βetabrand has been using female PhD and post-docs to model their latest spring collection – but what does this mean for women in science?
“Our designers cooked up a collection of smart fashions for spring, so why not display them on the bodies of women with really big brains?” Said the Betabrand CEO Chris Lindland in an interview to Adweek, “sixty women from around the world applied.” Just seven were chosen as the βetabrand to be the “New Women’s Spring Collection: modeled by a ravishing roster of PhDs & doctoral candidates.“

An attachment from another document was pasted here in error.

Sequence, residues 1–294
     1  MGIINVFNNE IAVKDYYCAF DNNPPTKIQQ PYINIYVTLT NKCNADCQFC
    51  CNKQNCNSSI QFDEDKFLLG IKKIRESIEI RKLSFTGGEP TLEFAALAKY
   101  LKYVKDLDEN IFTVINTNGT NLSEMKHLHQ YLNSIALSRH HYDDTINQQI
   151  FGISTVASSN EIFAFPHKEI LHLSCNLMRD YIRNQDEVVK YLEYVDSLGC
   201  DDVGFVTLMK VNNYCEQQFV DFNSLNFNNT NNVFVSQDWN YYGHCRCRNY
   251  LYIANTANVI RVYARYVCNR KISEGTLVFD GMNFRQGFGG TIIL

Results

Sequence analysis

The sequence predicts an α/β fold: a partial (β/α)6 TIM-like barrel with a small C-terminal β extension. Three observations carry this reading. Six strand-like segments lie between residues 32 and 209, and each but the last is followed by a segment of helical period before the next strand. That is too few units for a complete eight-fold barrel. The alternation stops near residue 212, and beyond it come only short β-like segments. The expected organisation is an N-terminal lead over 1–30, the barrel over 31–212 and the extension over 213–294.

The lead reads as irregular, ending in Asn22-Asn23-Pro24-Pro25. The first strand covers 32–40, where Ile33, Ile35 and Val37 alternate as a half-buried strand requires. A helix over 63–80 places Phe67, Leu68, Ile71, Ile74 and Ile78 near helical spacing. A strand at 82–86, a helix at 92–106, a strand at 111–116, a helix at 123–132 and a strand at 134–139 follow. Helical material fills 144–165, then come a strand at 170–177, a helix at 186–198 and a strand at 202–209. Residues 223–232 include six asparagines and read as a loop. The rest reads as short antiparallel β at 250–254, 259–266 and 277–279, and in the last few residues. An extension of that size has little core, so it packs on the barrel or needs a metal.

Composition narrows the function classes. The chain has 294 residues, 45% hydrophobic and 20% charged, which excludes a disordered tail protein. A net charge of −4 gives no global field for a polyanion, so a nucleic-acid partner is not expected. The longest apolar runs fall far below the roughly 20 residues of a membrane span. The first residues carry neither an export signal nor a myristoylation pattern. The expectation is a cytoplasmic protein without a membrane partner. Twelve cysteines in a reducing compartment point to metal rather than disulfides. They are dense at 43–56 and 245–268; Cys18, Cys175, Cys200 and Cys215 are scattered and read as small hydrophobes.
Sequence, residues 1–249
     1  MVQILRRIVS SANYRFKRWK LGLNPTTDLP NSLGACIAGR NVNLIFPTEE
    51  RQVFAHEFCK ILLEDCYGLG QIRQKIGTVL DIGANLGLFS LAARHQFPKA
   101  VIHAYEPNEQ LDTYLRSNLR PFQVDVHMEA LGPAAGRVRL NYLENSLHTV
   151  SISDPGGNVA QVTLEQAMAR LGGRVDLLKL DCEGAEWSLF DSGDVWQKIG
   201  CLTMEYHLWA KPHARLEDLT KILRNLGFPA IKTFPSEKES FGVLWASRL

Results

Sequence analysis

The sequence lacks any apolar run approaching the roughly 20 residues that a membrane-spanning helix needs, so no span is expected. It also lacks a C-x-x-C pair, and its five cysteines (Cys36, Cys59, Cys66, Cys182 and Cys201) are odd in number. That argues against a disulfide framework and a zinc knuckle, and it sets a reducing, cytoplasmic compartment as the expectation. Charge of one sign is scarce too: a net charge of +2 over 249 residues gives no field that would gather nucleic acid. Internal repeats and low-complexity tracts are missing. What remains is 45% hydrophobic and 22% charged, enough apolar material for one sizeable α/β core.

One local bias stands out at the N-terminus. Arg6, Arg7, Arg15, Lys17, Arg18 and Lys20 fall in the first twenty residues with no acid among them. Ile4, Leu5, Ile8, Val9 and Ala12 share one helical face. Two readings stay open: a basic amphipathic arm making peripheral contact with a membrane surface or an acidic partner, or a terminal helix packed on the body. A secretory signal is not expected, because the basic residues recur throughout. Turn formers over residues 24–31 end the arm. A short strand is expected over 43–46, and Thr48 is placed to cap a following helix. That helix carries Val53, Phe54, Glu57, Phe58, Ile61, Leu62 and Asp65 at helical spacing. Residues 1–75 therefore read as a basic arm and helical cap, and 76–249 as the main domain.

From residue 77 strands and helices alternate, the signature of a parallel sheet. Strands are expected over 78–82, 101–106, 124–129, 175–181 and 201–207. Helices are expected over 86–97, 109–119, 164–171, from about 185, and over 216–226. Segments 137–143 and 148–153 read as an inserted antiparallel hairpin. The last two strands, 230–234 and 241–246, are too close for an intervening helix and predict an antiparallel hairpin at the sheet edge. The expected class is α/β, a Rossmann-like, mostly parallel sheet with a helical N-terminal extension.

Apart from fashion, what kind of statement is βetabrand trying to make? That science can be beautiful too? That anyone can be a model? Either way, this cannot be a bad thing, right?
The βetabrand campaign is as refreshing – showing real women modelling clothes. But they aren’t only fashion models, they are also role models. By showing that these women are high-achieving academics, hopefully many younger women will see this potential in themselves too. It might reach any number of young girls and women who would previously not have thought about going into science, but this might show them that it is possible. Exposing the possibility that science is an option to those that are stereotypically not considered scientifically minded can only be a good thing, right?